Assistant Pasture and Livestock Manager

Zoe MacKay

How did you get into this kind of work?

When I was a kid we had a few goats, a small family farm kind of thing. We did 4-H and all the shows and we bred and milked and had kids every spring, so that was always a part of my childhood. It was very much a hobby farm set up – we had our veggies and we had our goats and that was about it.

Was it part of your educational background as well?

Having grown up with livestock, I always thought it’d be cool to get into veterinary medicine, and there was a vet clinic around the corner that we always used. That was my path into college, I majored in animal science at UMaine Orono. While there, I worked at the university dairy, and it was there that I really started to fall in love with cattle. In the coursework, we touched on the more sustainable methods of farming cattle, like rotational grazing and doing entirely grass-fed, and that really piqued my interest. I left after I graduated with the sense that I didn’t want to run a CAFO (Concentrated Animal Feeding Operation) and raise grain-fed, penned-in cattle. I was afraid I wouldn’t ever be able to use my degree, which you can imagine made me kind of bummed out. I got into the organic veggie side of things for a while and I worked in natural food stores, but I never expected to be able to really circle back.

What were you doing just prior to coming to the trustees or just before the trustees?

I was a stay-at-home parent for five years. My daughter has some disabilities that made going back to work a little too challenging, so I stayed home with her while she was young and then she was going to start kindergarten, so I was getting ready to start looking for something new. My partner was working on a property of someone who had a connection to Appleton and was asked, “Do you know anyone who wants to work with cows?”  The more I learned about the farm and the job, the more excited I got.

Why was that?

These cattle had the life! You’re entirely grass-fed. You get to walk around all day in these gorgeous fields. No dirt feedlots, and no buffers added to your food because you can’t digest it. It seemed like the ideal situation, so that was exciting to me. I thought I could really dig into those aspects of my degree that I never imagined I’d get to revisit.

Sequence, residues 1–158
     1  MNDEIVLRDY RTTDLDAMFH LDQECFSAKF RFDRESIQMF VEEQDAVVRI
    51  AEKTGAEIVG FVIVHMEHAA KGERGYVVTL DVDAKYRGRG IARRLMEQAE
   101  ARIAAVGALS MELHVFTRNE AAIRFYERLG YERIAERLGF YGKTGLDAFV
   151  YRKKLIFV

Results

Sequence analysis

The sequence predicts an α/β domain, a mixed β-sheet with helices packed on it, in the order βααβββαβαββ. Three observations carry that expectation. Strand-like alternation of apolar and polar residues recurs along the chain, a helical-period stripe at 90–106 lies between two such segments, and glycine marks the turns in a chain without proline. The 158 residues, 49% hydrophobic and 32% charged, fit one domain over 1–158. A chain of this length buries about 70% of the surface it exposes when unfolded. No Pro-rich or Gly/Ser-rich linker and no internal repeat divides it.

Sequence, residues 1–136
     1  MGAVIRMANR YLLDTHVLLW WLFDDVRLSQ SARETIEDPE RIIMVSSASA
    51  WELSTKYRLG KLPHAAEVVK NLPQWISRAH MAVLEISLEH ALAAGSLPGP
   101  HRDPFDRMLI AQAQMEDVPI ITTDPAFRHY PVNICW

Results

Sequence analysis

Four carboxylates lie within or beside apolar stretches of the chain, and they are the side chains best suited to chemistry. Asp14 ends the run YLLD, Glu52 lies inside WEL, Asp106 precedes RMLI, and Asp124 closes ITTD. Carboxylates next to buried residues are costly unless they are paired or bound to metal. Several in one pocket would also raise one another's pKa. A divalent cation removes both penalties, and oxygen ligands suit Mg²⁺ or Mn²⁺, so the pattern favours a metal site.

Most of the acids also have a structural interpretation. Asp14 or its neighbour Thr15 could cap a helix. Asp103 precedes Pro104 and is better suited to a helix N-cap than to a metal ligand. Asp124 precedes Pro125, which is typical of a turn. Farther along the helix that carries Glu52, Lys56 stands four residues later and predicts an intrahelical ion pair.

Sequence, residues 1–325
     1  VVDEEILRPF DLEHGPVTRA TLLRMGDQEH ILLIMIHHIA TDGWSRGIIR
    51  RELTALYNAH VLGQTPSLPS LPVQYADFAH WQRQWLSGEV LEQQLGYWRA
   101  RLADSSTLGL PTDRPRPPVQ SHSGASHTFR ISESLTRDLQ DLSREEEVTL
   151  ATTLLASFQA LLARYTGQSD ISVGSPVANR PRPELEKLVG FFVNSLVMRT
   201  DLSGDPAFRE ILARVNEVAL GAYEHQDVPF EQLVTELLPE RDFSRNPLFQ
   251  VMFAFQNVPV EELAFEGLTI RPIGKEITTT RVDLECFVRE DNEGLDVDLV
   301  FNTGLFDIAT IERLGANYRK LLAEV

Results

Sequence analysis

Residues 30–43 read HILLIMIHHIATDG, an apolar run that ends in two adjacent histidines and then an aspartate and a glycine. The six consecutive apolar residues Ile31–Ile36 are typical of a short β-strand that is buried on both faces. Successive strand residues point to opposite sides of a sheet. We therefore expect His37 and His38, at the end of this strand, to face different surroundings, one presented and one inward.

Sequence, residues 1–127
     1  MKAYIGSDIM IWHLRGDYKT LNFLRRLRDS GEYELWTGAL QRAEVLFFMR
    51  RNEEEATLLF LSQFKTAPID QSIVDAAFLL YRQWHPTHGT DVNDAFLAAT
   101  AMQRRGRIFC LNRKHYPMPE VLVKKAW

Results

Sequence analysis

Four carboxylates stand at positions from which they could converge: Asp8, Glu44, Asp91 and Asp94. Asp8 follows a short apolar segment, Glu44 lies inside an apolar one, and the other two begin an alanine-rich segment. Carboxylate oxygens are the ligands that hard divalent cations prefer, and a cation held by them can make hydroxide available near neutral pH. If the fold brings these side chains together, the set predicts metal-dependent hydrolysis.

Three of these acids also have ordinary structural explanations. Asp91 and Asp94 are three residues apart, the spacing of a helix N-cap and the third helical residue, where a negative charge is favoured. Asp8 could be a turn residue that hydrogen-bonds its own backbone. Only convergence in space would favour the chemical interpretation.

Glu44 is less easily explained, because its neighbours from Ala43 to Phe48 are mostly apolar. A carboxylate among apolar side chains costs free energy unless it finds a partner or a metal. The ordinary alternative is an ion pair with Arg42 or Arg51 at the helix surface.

What are you doing now to get to do that kind of work?

What we’re doing right now is getting creative with where we’re grazing. For example, we recently shut off the lanes that went around Briar Field and we grazed them through there, right next to Field 1 of the Great Pasture. That stuff has been so overgrown and untouched, and we’re trying to reclaim spaces that have been neglected, as well as feed our cattle what’s still growing as the grass season winds down. And we’re doing a more intensive strip grazing, meaning we’re giving them narrower slices and even subdividing those up into small, 4-hour chunks to make sure they’re eating efficiently and evenly. It’s a neat practice for cattle and for soil health! Say you have a low, lush part of a field. You start the cattle there, and then you graze them up onto the hill where maybe nutrients aren’t as copious and maybe the grass isn’t doing as well. They’ve eaten in the lower field, they’re full and satisfied. They come up to the top of the hill, they chew their cud, and they poop everywhere. You’re moving the nutrients in your field in a methodical and more uniform way. It’s very intentional. The cattle are eating indiscriminately and they’re not grazing it all the way down, so we’re leaving more of a cushion for the roots in winter.

What are you most passionate about?

I would say it’s what we were just talking about. It’s the fact that we are looking for ways to effectively use our land and to not only benefit our cattle, but to benefit the ground that we’re growing our crops and our hay on. We’re trying to give back to the space as we’re using it and finding that balance. I’m really excited that we’re finding these creative ways to do it. We’re not just sticking to what we’ve always done, we’re trying new things.

What’s the biggest difference or benefit with the grass-fed system or grass-based system? And do you think people, the general public, really understand the differences?

I’m not sure they understand the fullness of the difference. Not only is grass-fed better for the cattle, but it’s also better for us. It’s better for the cattle in that they’re eating what they’re designed to eat and they have freedom of movement. This terrain is good for their bodies. Being out in the elements is what they were built for, and it’s just a much healthier lifestyle for them than living on a dirt plot and being fed grain, which really doesn’t agree with how their stomachs are built to digest. And it’s better for us in that we’re eating a meat that is fed as it’s supposed to be fed, is living as it’s supposed to live, and there’s no denying the nutritional difference between something that’s packed compared with grass-fed.

Is there a difference in the final product, do you think?

I think it’s much higher quality than grain-fed and it does taste different. I personally think that it tastes much better. What I particularly enjoy about our grass-fed beef is knowing that our cattle are living the life that they’re supposed to, and it’s a good life.

If you could teach or educate the public one thing, would that be it?

I would encourage the public to connect with the fact that they’re eating beef, which was a living creature. If we’re going to be eating a meat product, I feel like we should be attached to its life as well, because there’s a sense of responsibility there.  We adore our cows and I think that’s evident in the way they interact with us. We give them a good life and I can feel good about the product that we make here because it’s done lovingly.